Letter from Africa: Signs of our times
- 7 May 2014
- From the section Africa
In our series of letters from African journalists, broadcaster and media trainer Joseph Warungu considers what public signs say about African societies.
I recently stopped at a small restaurant in the Kenyan capital, Nairobi, for a quick refreshment before rushing back to the office and was amazed by the array of rules that I and other customers had to obey.
The instructions posted on big notices at each table included:
- "Strictly no idle sitting here"
- "No sharing of food or drinks"
- "Maximum sitting time allowed is 20 minutes".
This got me thinking about public communication in Africa - especially signs and notices - and what it says about our different societies.
I believe that words are a window into our soul. What we say and how we say it reflects who we are and our experiences.
I travel quite a bit around Africa on media training assignments or to chair public debates.
As a communication specialist I am usually fascinated by the way the different communities I visit communicate with themselves.
In Kenya, and Nairobi in particular, life moves at a very fast pace.
Survival is everything and most people are ruthlessly focused on finding the next shilling.
Public notices too are to the point and abrupt.
"Usikojoe hapa" is one Swahili sign you might come across in many parts of Kenya.
It is Swahili for "do not urinate here".
There is no time for fancy words like "relieving yourself".
But that is partly because it is not uncommon to see a man stop by the side of a busy road, and in full view of everyone, unfetter his earthly possession and unleash a spray that was intended for the toilet.
In Tanzania, on the other hand, public communication is polite and friendly.
They call it "uungwana" or "ustaarabu" - Swahili for "civilized".
Society there has time for people.
I remember being arrested on a BBC assignment in Zanzibar some years back, shortly after interviewing opposition supporters.
The words of the two plainclothes police officers were laced in civility and humility, although their eyes left me in no doubt at all that I had to accompany them to the police station.
I know of many African countries where you only realise that a notice of arrest has been communicated to you when you start "flying": A strong hand grabs you by the seat of your trousers and lifts you up, leaving your legs cycling in the air like a cartoon character as you are shoved into the police van.
While on a media training exercise in Zambia recently, I came across an interesting public notice in the form of a mission statement at one FM radio station.
Some of the resolutions stated:
- "We will not script answers for guests"
- "We will not broadcast fake phone calls, emails or text messages under any circumstances"
- "We will be courteous and respectful".
I know Zambians to be not only friendly and welcoming but also brave.
Having witnessed and reported on political protests in Lusaka in the early 1990s as Zambians fought for multiparty democracy, I was not surprised to read this notice that boldly acknowledges and attempts to tackle some of the problems that afflict our journalism today.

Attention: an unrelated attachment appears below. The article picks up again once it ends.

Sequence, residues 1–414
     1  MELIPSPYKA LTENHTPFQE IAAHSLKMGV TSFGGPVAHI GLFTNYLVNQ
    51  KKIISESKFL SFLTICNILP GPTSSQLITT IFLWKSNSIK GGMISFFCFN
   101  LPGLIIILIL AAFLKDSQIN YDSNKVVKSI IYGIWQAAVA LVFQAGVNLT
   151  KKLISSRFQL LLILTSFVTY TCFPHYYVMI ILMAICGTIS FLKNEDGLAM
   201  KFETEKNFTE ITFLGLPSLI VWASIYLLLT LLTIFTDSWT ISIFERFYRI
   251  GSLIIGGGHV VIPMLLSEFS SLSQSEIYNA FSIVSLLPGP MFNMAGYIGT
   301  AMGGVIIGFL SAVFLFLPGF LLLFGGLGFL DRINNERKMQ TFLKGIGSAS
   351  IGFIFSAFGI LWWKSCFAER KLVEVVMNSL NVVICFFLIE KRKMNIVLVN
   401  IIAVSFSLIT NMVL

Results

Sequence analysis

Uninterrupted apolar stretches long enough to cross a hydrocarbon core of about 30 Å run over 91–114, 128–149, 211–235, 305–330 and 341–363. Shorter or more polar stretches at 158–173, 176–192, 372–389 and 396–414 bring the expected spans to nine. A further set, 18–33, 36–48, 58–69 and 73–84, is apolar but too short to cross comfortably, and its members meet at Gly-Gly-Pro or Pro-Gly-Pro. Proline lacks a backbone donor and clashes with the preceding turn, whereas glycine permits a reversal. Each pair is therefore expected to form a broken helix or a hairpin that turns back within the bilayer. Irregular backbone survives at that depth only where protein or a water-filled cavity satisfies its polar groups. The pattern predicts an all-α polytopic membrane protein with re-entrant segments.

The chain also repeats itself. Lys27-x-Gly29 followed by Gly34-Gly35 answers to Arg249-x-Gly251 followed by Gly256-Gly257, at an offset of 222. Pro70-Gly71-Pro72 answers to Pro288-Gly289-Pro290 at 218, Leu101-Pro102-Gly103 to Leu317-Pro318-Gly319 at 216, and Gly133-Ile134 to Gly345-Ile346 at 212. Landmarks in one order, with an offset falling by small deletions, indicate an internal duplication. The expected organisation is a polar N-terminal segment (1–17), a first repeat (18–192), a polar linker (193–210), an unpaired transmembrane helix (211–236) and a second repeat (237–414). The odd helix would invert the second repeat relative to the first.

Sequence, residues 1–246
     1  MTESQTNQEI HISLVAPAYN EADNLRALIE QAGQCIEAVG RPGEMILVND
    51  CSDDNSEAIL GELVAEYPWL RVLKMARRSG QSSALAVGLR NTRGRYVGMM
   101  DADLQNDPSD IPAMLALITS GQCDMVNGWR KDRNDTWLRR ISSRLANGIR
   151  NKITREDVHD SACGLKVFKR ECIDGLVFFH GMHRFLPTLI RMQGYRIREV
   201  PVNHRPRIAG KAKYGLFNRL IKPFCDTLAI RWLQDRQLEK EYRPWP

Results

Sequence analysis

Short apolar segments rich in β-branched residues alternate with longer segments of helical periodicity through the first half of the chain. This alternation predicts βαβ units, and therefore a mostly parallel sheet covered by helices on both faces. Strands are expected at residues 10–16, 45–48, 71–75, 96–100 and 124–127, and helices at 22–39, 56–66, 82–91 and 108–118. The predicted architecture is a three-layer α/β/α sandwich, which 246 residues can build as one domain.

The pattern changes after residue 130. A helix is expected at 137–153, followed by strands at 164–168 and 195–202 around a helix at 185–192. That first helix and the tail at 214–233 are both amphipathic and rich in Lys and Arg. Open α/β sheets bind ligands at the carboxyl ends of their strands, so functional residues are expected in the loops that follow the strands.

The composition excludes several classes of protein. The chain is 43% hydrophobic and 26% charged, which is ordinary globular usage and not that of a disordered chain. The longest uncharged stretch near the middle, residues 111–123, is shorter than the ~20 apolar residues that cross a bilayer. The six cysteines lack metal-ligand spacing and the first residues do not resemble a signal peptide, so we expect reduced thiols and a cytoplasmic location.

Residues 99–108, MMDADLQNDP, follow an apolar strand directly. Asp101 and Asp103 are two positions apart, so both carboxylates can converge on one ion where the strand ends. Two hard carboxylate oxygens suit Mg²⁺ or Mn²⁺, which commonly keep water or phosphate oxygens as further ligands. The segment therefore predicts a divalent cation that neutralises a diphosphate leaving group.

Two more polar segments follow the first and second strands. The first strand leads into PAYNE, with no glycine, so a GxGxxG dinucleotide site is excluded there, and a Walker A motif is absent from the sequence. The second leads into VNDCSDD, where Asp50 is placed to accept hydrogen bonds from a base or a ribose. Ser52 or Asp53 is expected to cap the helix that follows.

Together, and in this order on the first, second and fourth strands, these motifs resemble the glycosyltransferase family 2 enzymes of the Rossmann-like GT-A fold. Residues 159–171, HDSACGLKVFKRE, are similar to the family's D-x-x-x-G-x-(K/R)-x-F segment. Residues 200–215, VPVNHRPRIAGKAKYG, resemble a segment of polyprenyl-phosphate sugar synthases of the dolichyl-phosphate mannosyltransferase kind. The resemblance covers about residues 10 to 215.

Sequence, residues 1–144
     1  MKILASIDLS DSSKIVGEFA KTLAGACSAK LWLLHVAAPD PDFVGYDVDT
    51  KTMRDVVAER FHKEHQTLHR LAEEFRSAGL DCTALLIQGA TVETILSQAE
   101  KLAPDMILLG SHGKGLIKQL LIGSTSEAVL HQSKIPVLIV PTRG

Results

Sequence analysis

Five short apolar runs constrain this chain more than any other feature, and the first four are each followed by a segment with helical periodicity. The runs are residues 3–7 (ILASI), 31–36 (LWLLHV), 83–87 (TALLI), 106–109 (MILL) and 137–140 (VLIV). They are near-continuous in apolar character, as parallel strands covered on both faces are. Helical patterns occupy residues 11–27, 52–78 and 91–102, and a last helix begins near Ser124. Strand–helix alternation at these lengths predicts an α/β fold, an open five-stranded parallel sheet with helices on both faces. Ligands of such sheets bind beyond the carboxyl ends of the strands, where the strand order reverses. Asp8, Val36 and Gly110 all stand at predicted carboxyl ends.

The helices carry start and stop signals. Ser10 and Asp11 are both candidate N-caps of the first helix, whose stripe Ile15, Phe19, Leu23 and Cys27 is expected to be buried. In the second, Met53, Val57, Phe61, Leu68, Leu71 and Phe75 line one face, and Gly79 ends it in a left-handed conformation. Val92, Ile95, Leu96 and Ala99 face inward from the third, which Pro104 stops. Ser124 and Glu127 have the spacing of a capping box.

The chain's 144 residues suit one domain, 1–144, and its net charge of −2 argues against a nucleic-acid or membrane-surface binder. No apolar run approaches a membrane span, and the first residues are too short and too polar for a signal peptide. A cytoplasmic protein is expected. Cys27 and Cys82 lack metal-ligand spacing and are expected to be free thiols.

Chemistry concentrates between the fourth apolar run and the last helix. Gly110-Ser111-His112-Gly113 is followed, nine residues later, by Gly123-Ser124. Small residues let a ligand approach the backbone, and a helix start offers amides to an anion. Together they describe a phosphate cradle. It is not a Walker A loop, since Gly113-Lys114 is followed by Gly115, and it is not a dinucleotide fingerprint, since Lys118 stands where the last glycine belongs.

This reminds me of another sign that I have seen around many public offices in Cameroon and other countries: "This is a corruption-free zone".
It always leaves me wondering. Are there corruption-designated areas?
I travel to Nigeria every now and then and I am always amused by some of the public notices outside people's homes, reading: "This land/house is not for sale".
When I asked a Nigerian friend why one would need to put up such as sign outside the home they have lived in for many years, the answer was direct.
"You might wake up one morning and find someone busy selling your property to a willing buyer, complete with a title deed."
Earlier last month in Mexico, where I was chairing a panel discussion at the Global Partnership for Effective Development Co-operation conference, I was on the lookout for interesting signs.
My own hotel did not disappoint me.
A screaming neon sign at the lobby assured me that even in poverty, the hotel would accept me: "In this establishment we do not discriminate due to race, religious beliefs, sexual orientation, disability, economic condition, or any other reason.
Back to our continent and South Africa is another of my frequent destinations.
As if aware of my penchant for how we communicate with the public through signs and announcements, Rhodes University in Grahamstown served me a feast - in the toilet.
One of the men's toilets was plastered from ceiling to floor with all manner of notices in the form of witty quotes on media.
Whether standing or crouching, your mind was refreshed with loo wisdom.
One of my favourite was a quote from the US politician Adlai Stevenson: "An editor is one who separates the wheat from the chaff and prints the chaff."
For obvious reasons I did not go to the ladies toilets to see what they were seeing.
What interesting public signs and notices have you seen? Please share.
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